- The Washington Times - Monday, May 28, 2007

What a longtime friend and ally of the United States needs is a hand up, as it tries to regain its health. Thailand will soon celebrate 175 years of cordial relations with the U.S., a record perhaps unrivaled by any other nation.

Today we are a partner in the worldwide fight against terrorism. We have strong trade ties, both export and import. U.S. businesses invest profitably in Thailand. We support each other militarily. Thailand is a favorite travel destination for millions of Americans.

Yet recently the Kingdom of Thailand has received criticism, much of it unwarranted, from some individuals and lobbies trying to influence the policy direction of U.S. government agencies toward Thailand.

This has largely followed the military intervention of 2006, and ignores the necessary adjustments of our government since then, as we work to return to free elections and democratic institutions, for which a clear timetable had been announced and is conscientiously followed. This was a short-term military intervention to break through a dangerous political stalemate in Thailand, and our political process and development now continue at a rapid pace.

Many of the attacks on Thailand stem from our government’s decision, acknowledged as legitimate, to seek affordable prices for lifesaving drugs against HIV/AIDS and another major disease. Some of these attacks are bizarre, as in one advertisement that took a joke quite seriously and literally. It seems a Thai official had remarked, facetiously, that we should kidnap tourists for ransom to buy the drugs needed for our people’s health. One would think that, just as leading U.S. politicians occasionally make jokes that backfire, a critic would realize this is only a misguided attempt at humor. Yet, there in black and white, was the quite-serious allegation that Thailand’s government had threatened to kidnap tourists.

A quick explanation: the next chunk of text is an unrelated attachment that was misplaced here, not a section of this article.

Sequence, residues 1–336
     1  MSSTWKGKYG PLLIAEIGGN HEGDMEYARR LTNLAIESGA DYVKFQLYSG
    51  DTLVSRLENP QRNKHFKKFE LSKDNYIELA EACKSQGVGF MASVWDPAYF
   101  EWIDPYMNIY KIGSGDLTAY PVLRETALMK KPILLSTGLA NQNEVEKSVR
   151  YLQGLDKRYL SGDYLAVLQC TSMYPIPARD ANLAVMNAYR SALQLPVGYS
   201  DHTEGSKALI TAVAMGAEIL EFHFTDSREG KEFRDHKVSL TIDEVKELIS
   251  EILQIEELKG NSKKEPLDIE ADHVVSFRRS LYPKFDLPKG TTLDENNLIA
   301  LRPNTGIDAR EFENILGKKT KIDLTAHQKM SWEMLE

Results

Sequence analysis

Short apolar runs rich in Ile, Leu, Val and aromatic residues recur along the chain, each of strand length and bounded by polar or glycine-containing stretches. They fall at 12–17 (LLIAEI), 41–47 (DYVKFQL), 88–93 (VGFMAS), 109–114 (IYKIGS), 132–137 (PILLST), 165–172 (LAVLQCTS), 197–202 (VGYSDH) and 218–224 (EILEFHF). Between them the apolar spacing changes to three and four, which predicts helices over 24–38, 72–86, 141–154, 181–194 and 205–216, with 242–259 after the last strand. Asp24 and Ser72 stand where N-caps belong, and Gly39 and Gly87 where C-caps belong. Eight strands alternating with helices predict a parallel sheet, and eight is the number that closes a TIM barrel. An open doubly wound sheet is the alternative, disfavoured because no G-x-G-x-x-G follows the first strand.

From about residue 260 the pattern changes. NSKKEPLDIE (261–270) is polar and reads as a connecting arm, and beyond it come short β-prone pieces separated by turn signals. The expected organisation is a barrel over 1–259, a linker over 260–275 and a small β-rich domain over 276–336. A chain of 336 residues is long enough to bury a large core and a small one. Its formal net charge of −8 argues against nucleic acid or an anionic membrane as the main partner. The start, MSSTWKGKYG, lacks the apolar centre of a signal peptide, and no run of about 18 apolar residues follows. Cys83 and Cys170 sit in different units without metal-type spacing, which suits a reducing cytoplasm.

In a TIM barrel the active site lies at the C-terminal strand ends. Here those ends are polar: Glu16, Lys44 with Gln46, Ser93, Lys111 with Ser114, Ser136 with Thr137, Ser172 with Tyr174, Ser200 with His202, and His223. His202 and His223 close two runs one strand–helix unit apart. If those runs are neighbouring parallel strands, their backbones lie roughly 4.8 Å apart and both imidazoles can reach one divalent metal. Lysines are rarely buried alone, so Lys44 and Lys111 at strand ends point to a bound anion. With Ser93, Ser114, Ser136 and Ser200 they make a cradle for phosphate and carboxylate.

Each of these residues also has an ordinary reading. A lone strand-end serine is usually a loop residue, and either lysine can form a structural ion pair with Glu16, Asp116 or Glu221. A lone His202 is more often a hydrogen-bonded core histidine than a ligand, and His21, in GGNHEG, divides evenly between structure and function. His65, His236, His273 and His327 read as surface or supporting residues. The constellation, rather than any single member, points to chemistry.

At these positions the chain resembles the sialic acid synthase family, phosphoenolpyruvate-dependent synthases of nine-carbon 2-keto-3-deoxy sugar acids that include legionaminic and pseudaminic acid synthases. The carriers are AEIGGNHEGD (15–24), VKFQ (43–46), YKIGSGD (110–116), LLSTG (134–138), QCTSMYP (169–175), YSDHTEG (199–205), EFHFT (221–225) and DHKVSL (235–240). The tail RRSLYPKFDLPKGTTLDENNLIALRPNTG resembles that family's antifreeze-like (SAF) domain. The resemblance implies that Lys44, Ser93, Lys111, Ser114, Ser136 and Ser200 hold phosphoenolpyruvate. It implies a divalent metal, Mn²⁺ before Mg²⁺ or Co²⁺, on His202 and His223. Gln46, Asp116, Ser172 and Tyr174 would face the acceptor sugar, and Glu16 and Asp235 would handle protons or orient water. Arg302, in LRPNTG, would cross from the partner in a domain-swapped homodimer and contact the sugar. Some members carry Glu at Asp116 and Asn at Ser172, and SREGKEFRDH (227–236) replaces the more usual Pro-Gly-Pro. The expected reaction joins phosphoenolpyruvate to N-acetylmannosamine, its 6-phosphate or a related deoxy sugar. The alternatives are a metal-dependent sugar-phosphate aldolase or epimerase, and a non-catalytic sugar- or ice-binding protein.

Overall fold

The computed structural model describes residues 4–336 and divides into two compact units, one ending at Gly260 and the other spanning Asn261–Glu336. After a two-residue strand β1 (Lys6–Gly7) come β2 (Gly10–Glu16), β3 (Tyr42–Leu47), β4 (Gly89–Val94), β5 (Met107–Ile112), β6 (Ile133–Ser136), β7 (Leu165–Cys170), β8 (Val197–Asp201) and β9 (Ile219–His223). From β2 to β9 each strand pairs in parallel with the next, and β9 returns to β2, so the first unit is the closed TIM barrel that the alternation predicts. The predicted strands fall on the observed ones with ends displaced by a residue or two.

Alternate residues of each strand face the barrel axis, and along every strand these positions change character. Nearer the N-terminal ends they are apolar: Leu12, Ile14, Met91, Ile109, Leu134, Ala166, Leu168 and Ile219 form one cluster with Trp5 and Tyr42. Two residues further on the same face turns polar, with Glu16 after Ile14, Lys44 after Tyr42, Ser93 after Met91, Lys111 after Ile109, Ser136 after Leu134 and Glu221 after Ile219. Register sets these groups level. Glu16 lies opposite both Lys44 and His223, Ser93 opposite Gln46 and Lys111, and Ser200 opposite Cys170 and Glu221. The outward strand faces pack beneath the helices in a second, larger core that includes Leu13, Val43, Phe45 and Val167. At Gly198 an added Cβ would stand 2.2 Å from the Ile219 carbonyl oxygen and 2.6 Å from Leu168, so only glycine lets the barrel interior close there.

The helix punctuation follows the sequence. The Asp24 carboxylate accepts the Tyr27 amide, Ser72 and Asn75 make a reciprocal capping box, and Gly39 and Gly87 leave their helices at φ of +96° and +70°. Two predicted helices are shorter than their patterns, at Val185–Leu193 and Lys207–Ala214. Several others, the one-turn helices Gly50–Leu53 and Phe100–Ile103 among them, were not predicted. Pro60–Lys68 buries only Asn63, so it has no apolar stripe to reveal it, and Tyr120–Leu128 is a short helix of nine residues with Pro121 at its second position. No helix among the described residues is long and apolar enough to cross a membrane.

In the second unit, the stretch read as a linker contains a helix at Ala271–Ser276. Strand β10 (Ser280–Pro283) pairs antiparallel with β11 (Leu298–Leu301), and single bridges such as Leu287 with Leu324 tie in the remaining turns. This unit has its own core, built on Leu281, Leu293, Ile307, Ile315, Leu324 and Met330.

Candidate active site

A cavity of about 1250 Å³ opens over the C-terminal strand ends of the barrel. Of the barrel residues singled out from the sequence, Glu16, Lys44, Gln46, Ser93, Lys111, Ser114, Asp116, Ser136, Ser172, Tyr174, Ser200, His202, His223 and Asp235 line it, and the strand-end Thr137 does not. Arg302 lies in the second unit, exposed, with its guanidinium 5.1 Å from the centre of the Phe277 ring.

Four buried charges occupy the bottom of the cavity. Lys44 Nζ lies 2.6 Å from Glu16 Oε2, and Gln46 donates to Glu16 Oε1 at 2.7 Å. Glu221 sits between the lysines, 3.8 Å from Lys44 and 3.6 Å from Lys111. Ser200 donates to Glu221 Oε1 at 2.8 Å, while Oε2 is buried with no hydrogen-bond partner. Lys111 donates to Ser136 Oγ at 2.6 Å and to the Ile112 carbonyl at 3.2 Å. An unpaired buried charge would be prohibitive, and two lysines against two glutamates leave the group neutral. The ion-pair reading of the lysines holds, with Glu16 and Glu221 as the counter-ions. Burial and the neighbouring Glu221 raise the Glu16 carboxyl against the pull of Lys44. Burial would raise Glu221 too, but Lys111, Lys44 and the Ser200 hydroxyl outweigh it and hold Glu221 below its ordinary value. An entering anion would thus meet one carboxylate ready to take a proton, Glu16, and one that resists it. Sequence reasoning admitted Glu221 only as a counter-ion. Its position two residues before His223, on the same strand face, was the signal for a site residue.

In fact, after initial disagreement, Thai officials and representatives of the leading drug companies sat down and made progress in resolving the dispute.

Other inaccurate information has been a distortion — why, we don’t know — of our government’s budget expenditures. We don’t, for example, spend more on defense than on education or health, as has been charged. The Thai government’s education budget ranks first in our country, more than $10 billion, or 22.7 percent of our expenditures. Our health-care budget is the second-largest item: $4.4 billion, or 9 percent of total expenditures. Defense is fifth or sixth at $3.4 billion, or 7.3 percent of the budget.

Thailand is well along the route promised for our return to democratic government. We have drafted a new Constitution that will be submitted to voters in a plebiscite. If for some reason it isn’t approved, we will work on another Constitution, and another, for we are committed to our historic democratic principles. Elections are pledged to be held by the end of this year, and we are committed to holding them.

The Thai government and the Thai people are strong supporters of the United States, not only in Asian affairs but in every international respect. There is a large diaspora of Thai-Americans in the United States. We continue to enjoy a high level of trade and investment. We welcome American visitors, a most important segment of our tourism and travel industry.

In turn, Thailand needs and wants the support of the United States as we move purposefully and speedily in our return to democratic government and institutions.

Such is the norm for Thailand, and we believe the people and government of the United States will now respond to Thailand, as always, with true understanding, interest, friendship, mutual respect and support. Our historic relationship has earned no less.

Krit Garnjana-Goonchorn is the ambassador of Thailand to the United States.

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